After rising through the NHS he was in a position where if he found clinicians not able to do their job, even if simply because they thought themselves ‘untouchable’ he got rid of them. I wanted to ask, how, given the employment laws, but he managed!

He talked of the importance of having ‘value based leaders’ and that he had 220 Patient Safety Champions now operating within his organisation.  This man has put words into actions and really should meet with Jeremy Hunt and Bernard Jenkin as soon as possible as they are still trying to answer the ‘how’ questions regarding reform of patient safety. He was a difficult act to follow and I didn’t envy the next speaker.

The next speaker was Chris Brougham the Director of Investigations and Training at Verita. She also advises Trusts on patient safety and wants to see a clear model for carrying out investigations and better training for the lonely job of investigating.  She was an interesting speaker and one who should be listened to by Trusts.

She spoke about being ‘open and transparent’ and said simply, ‘this is about telling the truth’.  Chris also talked of the front-line staff just going through the motions filling out ‘fish-bone’ charts to provide root cause analysis without any real idea of how to analyse the data.  Clearly training for front-line staff carrying out the initial investigation is badly needed and something that PHSO could tackle.  Chris also said that the Terms of Reference must be relevant to each incident, not generated from some central source and that it was vital that Trusts investigated those aspects most important to the complaint.  Obvious really.

Peter Walsh spoke next and talked particularly about the new duty of candour and Will Powell’s long fight to achieve ‘Robbies Law’ in the name of his son who died due to NHS negligence more than 20 years ago.  Quite a campaign!  Peter said that previously the system frowned upon cover ups, but tolerated them, forcing complaints to devote their lives to finding out the truth about their loved one.   Peter complained that there were different standards of duty of candour between the NHS and the Private sector which left loopholes. He was also concerned that the clinical investigation board presently under discussion at PASC would provide ‘legal privilege’ to all participants which he felt went directly against the new duty of candour.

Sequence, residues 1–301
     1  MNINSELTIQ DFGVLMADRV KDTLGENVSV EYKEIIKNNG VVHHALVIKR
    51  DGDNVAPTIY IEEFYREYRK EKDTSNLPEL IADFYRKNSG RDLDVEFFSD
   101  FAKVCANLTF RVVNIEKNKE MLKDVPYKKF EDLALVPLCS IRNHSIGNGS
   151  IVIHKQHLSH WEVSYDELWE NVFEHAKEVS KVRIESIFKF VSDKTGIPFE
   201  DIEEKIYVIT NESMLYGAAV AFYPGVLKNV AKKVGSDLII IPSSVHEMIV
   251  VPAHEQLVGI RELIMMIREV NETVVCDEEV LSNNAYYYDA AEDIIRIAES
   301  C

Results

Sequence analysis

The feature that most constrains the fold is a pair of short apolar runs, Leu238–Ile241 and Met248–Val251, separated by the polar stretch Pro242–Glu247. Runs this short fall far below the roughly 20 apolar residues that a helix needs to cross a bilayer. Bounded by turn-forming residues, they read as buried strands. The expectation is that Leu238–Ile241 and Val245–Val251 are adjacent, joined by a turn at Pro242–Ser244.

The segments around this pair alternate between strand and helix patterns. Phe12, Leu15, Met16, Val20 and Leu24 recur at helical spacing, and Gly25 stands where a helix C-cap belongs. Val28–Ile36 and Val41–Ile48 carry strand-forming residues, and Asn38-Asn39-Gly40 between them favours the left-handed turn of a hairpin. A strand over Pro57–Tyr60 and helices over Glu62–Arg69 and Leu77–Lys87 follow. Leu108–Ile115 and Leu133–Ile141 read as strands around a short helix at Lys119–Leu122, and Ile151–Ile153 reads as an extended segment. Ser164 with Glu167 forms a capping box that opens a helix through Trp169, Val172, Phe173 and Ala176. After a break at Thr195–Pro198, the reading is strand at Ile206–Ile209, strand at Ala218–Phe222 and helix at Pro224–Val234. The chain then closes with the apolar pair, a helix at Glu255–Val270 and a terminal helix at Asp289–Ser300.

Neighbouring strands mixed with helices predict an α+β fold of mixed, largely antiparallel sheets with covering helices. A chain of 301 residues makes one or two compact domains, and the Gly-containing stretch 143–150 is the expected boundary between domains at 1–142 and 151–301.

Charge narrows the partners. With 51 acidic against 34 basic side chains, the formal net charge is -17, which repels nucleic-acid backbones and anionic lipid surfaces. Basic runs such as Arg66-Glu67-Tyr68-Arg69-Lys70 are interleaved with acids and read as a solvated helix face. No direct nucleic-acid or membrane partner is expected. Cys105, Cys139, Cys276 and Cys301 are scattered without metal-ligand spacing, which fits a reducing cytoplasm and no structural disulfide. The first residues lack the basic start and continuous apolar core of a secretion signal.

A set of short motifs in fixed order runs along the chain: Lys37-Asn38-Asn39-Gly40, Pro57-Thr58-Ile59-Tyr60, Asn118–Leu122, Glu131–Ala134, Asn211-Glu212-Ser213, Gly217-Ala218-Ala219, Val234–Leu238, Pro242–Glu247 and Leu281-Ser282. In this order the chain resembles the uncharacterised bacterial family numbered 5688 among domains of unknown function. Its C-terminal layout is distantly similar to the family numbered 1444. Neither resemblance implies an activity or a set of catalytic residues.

I was lucky enough to be sitting next to a lady who said she was a trustee at AvMA, Suzanne Shale. She stood in for James Titcombe who was listed to speak but after the Kirkup report, he was emotionally exhausted.  We watched a film James had made of his complaint journey.  Coming from the nuclear fuel industry he could not believe that less time would be spent investigating the death of a baby than would be spent investigating a single rusty bolt.  With great composure he spoke of the dawning realisation that there was a cover up and the anger this generated when he had lost his baby son to negligence.   You can see this film here on Patientstories.org.uk and may wish to contact this organisation to put your own story forward.  http://www.patientstories.org.uk/films/joshua-story/  Suzanne then spoke passionately and with authority about his case and it was insightful.